minstrel: A Calling-On Song

Patricia Yarrow yarrowp at mscd.edu
Wed Jun 11 08:57:43 PDT 2008


I got a private email objecting to my use of "muddy" to describe The
Watersons' sound.  I wasn't trying to denigrate their sound.  Perhaps it
would clarify if I said that to my ear, I'm hearing more notes than there
are voices sounding.  It's possible that they're getting more overtones, or
different ones, than we usually hear in singing.  Think of a wirestrung harp
that's getting audible sympathetic ringing across the range of the
instrument when one of its bass notes is struck.

V

-----Original Message-----


Adelaide,

<snip>

However, if you're not familiar with The Watersons, their rendition might be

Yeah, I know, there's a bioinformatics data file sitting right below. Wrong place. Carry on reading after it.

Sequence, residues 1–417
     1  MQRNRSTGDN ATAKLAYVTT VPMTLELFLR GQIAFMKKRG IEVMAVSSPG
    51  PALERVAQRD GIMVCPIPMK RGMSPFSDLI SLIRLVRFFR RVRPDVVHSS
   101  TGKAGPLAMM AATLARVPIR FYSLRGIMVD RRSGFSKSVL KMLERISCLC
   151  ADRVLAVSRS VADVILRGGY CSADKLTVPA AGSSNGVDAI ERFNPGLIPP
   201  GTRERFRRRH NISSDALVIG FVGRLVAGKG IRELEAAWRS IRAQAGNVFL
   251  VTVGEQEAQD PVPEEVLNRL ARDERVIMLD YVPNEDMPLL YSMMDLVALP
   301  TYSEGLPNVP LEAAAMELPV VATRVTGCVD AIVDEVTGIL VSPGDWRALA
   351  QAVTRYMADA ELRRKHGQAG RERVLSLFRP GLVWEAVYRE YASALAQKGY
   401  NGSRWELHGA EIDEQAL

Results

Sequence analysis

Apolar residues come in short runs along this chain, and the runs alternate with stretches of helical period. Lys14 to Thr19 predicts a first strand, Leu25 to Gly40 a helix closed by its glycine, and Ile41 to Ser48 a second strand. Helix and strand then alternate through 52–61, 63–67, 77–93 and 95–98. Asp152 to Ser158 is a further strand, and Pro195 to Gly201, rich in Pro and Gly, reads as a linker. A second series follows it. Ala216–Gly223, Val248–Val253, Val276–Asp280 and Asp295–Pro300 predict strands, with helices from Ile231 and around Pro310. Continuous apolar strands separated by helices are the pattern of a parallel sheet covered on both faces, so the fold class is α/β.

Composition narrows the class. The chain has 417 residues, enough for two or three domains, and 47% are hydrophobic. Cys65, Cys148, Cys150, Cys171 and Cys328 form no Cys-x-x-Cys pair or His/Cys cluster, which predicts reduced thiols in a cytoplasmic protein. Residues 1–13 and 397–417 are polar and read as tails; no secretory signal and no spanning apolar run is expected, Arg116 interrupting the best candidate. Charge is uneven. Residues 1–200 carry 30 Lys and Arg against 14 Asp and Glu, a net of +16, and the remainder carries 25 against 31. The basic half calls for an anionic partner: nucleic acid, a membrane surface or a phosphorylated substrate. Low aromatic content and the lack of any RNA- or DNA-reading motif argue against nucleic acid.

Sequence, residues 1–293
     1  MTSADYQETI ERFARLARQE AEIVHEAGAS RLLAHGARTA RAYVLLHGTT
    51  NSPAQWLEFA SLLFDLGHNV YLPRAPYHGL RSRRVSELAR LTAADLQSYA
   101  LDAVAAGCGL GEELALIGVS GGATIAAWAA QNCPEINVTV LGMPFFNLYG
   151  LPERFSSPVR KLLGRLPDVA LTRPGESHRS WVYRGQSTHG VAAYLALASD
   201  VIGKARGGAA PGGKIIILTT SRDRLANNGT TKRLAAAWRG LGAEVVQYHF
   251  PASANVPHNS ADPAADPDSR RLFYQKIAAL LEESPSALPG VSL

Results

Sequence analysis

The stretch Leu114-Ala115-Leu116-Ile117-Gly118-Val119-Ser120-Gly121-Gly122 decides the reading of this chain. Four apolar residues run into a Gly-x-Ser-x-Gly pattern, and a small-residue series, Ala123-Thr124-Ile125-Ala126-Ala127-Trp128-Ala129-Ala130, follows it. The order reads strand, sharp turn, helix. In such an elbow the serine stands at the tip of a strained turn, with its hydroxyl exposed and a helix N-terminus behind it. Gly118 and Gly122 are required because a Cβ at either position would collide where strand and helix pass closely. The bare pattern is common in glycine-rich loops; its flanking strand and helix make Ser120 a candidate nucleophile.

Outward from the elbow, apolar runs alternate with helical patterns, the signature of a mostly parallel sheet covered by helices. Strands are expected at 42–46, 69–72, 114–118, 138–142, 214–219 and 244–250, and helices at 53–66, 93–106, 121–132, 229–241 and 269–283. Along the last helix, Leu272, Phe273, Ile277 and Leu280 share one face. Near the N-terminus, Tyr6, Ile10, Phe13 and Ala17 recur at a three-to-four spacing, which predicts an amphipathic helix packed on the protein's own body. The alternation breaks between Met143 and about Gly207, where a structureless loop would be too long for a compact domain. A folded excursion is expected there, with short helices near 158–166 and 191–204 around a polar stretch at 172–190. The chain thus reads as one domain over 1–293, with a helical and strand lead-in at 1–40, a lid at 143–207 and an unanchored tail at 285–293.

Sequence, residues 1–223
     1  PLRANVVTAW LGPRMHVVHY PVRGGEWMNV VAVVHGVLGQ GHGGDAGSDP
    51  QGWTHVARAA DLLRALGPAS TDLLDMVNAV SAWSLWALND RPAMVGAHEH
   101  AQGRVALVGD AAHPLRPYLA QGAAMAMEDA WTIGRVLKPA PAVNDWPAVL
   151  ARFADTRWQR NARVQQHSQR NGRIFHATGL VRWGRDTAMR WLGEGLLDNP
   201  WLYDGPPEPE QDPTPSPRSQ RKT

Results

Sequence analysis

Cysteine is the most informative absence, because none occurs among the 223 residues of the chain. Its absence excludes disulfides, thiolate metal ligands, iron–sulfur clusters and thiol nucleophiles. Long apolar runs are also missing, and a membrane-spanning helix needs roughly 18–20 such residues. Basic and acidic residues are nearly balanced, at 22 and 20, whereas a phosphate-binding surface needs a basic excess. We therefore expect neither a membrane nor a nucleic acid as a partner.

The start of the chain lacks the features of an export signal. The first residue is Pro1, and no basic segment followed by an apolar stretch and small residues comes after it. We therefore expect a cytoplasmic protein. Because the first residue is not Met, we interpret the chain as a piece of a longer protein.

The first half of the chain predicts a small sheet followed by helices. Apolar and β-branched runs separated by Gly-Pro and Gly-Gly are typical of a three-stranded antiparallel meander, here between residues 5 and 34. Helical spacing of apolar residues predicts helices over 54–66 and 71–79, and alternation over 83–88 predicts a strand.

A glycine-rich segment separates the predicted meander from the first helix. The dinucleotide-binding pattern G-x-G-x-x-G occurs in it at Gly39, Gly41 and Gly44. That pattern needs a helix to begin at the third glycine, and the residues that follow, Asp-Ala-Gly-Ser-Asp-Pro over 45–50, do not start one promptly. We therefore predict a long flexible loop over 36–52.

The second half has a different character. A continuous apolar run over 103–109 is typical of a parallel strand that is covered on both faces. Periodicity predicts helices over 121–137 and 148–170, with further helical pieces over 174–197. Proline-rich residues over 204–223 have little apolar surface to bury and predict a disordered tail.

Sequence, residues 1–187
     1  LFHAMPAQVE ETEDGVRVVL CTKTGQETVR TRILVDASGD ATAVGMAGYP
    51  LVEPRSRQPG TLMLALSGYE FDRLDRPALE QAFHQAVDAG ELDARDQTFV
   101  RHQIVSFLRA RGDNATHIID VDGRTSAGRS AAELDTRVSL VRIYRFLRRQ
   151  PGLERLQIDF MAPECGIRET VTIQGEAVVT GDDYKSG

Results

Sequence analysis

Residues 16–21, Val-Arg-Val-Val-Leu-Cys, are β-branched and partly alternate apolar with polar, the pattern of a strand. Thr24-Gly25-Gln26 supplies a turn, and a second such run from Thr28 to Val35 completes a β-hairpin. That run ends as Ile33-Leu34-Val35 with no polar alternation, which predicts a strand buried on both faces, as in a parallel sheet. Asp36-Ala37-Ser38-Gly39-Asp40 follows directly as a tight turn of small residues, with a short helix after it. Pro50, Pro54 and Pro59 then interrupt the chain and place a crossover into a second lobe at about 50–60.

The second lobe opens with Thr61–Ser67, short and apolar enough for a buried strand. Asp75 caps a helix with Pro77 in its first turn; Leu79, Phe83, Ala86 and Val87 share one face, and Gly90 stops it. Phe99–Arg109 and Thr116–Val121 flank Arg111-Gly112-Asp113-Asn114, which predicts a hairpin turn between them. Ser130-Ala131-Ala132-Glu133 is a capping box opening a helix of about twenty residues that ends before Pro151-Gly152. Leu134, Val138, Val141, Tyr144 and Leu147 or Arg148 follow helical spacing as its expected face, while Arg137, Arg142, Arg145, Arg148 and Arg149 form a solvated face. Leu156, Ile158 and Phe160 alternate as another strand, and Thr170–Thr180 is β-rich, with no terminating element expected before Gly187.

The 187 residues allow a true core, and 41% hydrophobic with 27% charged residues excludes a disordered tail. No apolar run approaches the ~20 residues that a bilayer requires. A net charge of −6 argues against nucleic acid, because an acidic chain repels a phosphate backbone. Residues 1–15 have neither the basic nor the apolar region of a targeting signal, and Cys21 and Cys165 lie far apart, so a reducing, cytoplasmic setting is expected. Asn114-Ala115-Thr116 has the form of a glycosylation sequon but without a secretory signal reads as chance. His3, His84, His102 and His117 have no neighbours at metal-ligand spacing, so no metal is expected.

a bit of a shock.  The harmonies are very tight, lots of fourths, fifths,
and the occasional second, and I would say they're not singing in equal
temperament (good old E.T.).  Most of their work is a cappella.  There's a
muddy quality, a buzz to their voices that is found in other traditional
styles, though not so pronounced as in the Balkans, for example.  Think
shawms and bray harps.  It's a different aesthetic than our modern one, kind
of an inversion of the English choirboy sound.  If you've heard any of the
field recordings in the Voice of the People series, there's some similarity.

<snip>





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